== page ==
As part of the evolution process from the Directorate to DTELS and eventual privatisation the organisation recruited John Sharpley in 1989 to head the newly formed Marketing Team to provide a focussed approach to competitive tendering, company image and customer liaison.  Around the same time the team was expanded to include three new area marketing posts based at the Northern, Eastern and Western area offices and coming under the direction of the Head of Marketing. With some changes of personnel, the structure remained in place until the privatisation in 1994.


Brochures

  • DTELS Launch PackDTELS Launch Pack: on 12th April 1991, the organisation changed it's name to DTELS and an official launch was held at the Sedgwick Centre in London during which information packs were given to customers and staff outlining the business and products.  The eight page packs also included leaflets retained in a wallet on the rear inside page and a copy of a letter from the Director circulated to DTELS staff in the same month outlining the reasons for the name change and the process to be adopted thereafter.

    update 26th May 2007
    Two letters from the Head of Marketing, George Davis, dated 27th March and 8th April 1991, detailing the arrangements for the DTELS launch at the Sedgwick Centre.


    Credit
    Bryn Oliver for the two letters circulated by George Davis in 1991.  Copyright is Crown.


  • DTELS Engineering Consultancy Brochure 1991DTELS Engineering Consultancy: describing the various DTELS engineering consultancy services, which I think was produced in 1991.  Although perhaps lacking in flair compared to publicity material published by other telecommunications companies at that time, the brochure briefly sets out the broad range of services that DTELS Consultancy offered.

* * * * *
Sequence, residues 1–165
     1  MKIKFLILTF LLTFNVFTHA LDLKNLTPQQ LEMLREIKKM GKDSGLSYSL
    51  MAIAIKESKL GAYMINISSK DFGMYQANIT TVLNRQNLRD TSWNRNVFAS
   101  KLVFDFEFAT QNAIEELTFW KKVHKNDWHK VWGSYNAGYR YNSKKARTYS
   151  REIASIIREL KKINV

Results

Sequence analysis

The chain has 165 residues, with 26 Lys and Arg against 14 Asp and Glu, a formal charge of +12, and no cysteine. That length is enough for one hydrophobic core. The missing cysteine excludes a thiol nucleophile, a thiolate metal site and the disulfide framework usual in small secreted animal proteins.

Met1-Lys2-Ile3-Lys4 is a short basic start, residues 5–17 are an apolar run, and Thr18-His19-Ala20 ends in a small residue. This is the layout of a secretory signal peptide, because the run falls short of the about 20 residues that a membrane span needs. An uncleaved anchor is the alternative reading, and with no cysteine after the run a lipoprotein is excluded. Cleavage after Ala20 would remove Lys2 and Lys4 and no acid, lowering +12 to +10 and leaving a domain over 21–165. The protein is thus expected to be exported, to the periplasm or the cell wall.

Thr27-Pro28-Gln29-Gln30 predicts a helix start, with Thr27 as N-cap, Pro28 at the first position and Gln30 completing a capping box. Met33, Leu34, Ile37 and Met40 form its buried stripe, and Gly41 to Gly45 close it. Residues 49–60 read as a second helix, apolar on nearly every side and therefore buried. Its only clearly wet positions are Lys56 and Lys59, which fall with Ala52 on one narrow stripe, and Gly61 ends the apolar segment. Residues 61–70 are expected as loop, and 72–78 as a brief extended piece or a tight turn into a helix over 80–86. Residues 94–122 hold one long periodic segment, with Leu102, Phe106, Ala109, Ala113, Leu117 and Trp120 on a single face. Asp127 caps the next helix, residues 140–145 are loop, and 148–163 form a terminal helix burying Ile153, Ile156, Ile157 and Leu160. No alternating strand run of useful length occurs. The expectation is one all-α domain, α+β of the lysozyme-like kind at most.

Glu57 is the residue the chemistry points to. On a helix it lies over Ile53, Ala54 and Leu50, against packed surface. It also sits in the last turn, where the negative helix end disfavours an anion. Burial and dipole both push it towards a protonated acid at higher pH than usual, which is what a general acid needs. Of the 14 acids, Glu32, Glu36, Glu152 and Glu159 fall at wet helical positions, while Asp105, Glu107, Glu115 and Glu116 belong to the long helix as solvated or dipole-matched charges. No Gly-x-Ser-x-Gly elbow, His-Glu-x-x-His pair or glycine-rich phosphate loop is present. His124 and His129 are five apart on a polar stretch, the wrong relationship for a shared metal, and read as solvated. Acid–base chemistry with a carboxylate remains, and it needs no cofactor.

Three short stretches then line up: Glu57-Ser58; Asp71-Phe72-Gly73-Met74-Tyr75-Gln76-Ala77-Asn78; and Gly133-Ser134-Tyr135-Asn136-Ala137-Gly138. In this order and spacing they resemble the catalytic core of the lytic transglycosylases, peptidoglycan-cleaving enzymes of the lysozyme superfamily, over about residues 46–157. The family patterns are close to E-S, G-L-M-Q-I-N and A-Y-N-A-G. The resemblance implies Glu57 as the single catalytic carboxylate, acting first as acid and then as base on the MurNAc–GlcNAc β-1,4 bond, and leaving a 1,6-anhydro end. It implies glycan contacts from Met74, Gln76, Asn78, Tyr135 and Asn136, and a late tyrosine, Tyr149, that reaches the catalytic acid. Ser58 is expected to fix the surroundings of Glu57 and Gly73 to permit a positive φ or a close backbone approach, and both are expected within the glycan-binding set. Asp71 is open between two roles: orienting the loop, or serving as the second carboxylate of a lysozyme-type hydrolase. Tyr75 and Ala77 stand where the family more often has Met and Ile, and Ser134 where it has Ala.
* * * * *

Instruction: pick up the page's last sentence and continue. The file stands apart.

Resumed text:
I believe the origins of Engineering Consultancy came about following the decision in the 1980's that the Directorate was to become a trading company. Engineering staff associated with 'core' services, such as Frequency Management, were transferred to another Home Office department called Radio Frequency and Communications Planning Unit (RFCPU) prior to the formation of DTELS in 1991. The remaining staff associated with 'non-core' services came under the umbrella of DTELS Engineering Consultancy.

    Prior to the split of 'core' and 'non-core' services, the centralised engineering comprised two distinct functions, Mobile Radio and Static Systems. Each function was divided down into appropriate services and as can be seen from the 1982 Organisation Chart respectively comprised MR1-MR5 and SS1-SS4 groups.

    Working in conjunction with other supporting groups and Field Service specialists, the engineering side of the Directorate developed wide ranging expertise and skills during the 1970's and 1980's covering many facets of telecommunication services, which I believe was unrivalled by any other single company of similar size. I also believe it was generally well respected in the industry.

  • DTELS Marketing Brochure March 1993DTELS Marketing 1993:  printed in March 1993, probably the last to be produced before the eventual privatisation.

    DTELS personnel appearing in this brochure were as follows: 
    Page 2 - Dave Perkins (CWT)
    Page 3 - Alan Smith (CWT)
    Page 4 - Alex Kerr (Aerial Rigger)
    Page 8 - Pete Kearns (TTE1 )

  • Marketing Link and New Wave BrochuresLink & New Wave:  two brochures produced by the Directorate. The first entitled ‘Link’  and was produced in 1988 ahead of the newsletters by the same name that ran from 1989-1991. The second entitled ‘A New Wave in Communications’ and my guess unless anyone knows differently published around 1990.

    Credit
    Bryn Oliver for sending in the two brochures.  Copyright is Crown.

PDF Download
DTELS Launch PackDTELS Engineering ConsultancyDTELS Marketing March 1993Link & New Wave :  download files vary 1.2-2.0Mb